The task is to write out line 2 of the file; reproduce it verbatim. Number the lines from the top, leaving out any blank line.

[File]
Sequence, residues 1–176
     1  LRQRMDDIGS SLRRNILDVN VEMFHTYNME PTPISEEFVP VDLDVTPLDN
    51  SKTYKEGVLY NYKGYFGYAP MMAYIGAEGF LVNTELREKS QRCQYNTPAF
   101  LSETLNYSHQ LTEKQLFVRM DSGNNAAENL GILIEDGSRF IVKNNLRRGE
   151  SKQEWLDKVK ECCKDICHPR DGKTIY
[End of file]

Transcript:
     1  LRQRMDDIGS SLRRNILDVN VEMFHTYNME PTPISEEFVP VDLDVTPLDN